When I was little, my dad got an iron on transfer for St. Pauli Girl beer with the purchase of a six pack. It had the ubiquitous beautiful blonde holding up two beers and said, “You never forget your first girl.” I was too young at the time to know what this meant, but it’s always stuck with me, especially about the firsts.
The other day I was in the car when “Late in the Evening” by Paul Simon came on the radio and with it, a certain cohesion of elements – the Saint Pauli Girl and music, for “Late in the Evening” was the very first 45 I bought with my own money and played, rather proudly, on my Mickey Mouse Record Player. I was nine years old and have never forgotten it. It is a toe tapping, dance till you’re sweaty kind of song, filled with adult references that I didn’t understand at the time.
Three years later, I bought Robert Plant’s Principle of Moments album at Sweets Records and Tapes at the Target Shopping Center at 80th and Wadsworth. I remember Danny, the odd man who ran the place (and now is a purveyor of books in the same shopping center, different location), asking me what the picture on the album cover meant. I was twelve, prone to fits of shyness and embarassment and really just wanted to hear “Big Log” whenever I wanted and not be at the whim of the radio or certain record store clerks, and shrugged, cheeks crimson, “I don’t know.” He looked at me with disdain, and very nearly didn’t let me buy the album, before saying, “It’s THE principle of moments!” “Um okay, can I take it home now?” I enjoyed, at my leisure, some good, but what now sounds like very 80’s music.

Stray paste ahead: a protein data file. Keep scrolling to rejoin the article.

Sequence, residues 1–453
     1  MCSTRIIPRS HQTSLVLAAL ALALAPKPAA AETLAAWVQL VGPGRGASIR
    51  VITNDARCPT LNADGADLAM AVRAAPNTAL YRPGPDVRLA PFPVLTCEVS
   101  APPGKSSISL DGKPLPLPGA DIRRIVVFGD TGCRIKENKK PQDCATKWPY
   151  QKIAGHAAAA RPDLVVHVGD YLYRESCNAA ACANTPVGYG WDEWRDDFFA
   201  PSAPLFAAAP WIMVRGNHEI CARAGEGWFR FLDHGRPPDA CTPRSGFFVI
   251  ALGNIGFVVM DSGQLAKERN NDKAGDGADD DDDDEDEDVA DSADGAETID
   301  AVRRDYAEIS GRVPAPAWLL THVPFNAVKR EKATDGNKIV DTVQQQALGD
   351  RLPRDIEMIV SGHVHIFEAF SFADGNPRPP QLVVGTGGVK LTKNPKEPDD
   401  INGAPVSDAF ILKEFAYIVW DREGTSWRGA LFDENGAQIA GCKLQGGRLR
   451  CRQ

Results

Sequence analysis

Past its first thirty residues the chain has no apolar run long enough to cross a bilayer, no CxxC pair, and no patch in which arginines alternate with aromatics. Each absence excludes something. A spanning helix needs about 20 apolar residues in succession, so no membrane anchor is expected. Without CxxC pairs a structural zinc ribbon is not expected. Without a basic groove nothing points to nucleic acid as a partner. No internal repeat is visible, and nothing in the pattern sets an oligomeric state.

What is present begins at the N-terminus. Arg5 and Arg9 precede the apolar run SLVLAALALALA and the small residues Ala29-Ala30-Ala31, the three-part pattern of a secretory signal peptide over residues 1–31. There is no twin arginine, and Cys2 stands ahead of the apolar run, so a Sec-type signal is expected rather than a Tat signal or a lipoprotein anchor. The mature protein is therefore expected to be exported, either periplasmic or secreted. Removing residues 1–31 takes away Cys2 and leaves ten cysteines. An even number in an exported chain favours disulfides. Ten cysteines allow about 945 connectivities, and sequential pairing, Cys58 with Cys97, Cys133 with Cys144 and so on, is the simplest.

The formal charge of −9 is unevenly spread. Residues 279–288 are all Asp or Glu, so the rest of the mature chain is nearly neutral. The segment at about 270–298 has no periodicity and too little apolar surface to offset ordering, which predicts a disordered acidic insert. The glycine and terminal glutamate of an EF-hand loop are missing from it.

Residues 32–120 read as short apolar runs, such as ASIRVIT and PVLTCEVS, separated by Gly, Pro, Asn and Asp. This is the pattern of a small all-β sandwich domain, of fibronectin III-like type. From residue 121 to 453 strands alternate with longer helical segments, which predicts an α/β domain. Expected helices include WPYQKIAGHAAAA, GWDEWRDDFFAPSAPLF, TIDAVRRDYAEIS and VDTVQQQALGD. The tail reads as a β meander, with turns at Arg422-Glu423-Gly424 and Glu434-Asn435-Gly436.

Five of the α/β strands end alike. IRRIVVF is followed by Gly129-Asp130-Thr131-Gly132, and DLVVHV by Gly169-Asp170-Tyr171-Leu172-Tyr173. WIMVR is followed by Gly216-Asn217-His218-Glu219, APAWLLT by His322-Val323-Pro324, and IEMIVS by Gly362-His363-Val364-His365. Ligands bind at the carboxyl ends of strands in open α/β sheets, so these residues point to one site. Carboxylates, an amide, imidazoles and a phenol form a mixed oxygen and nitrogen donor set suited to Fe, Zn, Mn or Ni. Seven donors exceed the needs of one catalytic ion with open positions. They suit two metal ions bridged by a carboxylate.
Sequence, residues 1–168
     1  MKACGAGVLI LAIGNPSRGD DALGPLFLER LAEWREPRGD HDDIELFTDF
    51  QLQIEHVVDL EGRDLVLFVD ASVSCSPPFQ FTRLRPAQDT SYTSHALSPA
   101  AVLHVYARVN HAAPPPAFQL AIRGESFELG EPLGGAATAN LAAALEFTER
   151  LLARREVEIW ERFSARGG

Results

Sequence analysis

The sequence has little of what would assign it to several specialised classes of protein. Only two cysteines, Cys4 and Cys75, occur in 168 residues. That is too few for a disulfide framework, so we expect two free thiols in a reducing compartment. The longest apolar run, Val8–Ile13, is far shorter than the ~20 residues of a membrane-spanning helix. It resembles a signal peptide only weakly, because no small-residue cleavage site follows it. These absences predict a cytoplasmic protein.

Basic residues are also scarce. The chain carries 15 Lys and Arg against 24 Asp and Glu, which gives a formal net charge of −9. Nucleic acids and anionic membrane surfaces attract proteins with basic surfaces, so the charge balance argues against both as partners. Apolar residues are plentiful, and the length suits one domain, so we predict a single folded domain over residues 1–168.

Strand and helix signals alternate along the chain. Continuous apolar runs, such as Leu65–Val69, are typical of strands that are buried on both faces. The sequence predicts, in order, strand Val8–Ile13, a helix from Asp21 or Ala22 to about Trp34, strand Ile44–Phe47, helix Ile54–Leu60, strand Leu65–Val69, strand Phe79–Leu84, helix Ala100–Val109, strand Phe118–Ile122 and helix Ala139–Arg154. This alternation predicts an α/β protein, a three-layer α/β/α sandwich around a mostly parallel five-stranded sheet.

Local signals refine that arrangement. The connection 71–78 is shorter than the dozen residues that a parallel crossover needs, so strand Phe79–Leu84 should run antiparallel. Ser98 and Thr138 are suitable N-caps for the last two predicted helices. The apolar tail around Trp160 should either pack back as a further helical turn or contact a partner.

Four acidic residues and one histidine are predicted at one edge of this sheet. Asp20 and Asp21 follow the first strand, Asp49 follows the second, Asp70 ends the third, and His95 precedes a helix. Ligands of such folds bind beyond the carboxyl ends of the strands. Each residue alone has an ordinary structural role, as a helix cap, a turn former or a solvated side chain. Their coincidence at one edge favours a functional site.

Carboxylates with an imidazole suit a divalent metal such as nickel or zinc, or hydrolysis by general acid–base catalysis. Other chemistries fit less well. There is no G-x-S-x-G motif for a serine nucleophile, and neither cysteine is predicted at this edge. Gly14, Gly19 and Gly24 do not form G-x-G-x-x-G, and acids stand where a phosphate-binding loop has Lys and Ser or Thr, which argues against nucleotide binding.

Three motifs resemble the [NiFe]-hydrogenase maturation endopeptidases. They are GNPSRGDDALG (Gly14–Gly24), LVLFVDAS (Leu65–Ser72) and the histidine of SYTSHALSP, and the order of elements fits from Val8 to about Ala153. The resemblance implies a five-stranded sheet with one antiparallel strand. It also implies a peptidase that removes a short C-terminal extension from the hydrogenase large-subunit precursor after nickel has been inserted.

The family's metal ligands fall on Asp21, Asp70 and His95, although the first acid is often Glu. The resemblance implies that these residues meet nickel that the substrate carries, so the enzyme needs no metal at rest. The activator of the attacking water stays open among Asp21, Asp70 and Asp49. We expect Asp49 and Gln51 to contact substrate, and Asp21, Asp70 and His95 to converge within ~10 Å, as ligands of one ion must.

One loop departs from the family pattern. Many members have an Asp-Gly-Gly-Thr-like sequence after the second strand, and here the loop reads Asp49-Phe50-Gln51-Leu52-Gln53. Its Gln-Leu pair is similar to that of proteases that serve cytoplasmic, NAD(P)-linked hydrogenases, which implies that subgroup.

When the new and revolutionary technology of CD’s came into the fore, and I bought my first player in 1990, I went back in time with my first musical selection, also from Sweets and thankfully, without hassle from Danny. I got Elton John’s Greatest Hits. It still gets air time around here. The hubster and I both love him!
I think we were among the last people we knew to buy an I-Pod. Our system of CD’s was working pretty well. Now, as with many gadgets technological, it’s hard to imagine what we’d do without it. Anyhoo, the first song I bought was The White Stripes “Seven Nation Army.” Unlike the Paul Simon of my youth, it isn’t quite dance-able, but it does have Jack White’s stellar voice and an awesome drum beat.
Also, about the picture. I didn’t feel like putting up each of the album covers, so this is a random dog spotted out walking one day. Its title could be “First Squirrel.”